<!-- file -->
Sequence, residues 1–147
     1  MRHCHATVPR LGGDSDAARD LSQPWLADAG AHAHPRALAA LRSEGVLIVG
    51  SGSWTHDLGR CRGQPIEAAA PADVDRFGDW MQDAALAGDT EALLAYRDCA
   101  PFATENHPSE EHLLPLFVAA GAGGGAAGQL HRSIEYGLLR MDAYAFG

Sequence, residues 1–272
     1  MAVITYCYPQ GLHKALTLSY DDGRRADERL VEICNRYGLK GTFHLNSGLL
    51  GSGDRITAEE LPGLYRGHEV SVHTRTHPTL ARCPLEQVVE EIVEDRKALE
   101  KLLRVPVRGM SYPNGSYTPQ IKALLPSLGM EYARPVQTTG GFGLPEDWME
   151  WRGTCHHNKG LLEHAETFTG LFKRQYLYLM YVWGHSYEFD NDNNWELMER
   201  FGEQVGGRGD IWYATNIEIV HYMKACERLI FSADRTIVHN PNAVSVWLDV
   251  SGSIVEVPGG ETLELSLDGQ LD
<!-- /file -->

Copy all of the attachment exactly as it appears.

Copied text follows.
Sequence, residues 1–147
     1  MRHCHATVPR LGGDSDAARD LSQPWLADAG AHAHPRALAA LRSEGVLIVG
    51  SGSWTHDLGR CRGQPIEAAA PADVDRFGDW MQDAALAGDT EALLAYRDCA
   101  PFATENHPSE EHLLPLFVAA GAGGGAAGQL HRSIEYGLLR MDAYAFG

Sequence, residues 1–272
     1  MAVITYCYPQ GLHKALTLSY DDGRRADERL VEICNRYGLK GTFHLNSGLL
    51  GSGDRITAEE LPGLYRGHEV SVHTRTHPTL ARCPLEQVVE EIVEDRKALE
   101  KLLRVPVRGM SYPNGSYTPQ IKALLPSLGM EYARPVQTTG GFGLPEDWME
   151  WRGTCHHNKG LLEHAETFTG LFKRQYLYLM YVWGHSYEFD NDNNWELMER
   201  FGEQVGGRGD IWYATNIEIV HYMKACERLI FSADRTIVHN PNAVSVWLDV
   251  SGSIVEVPGG ETLELSLDGQ LD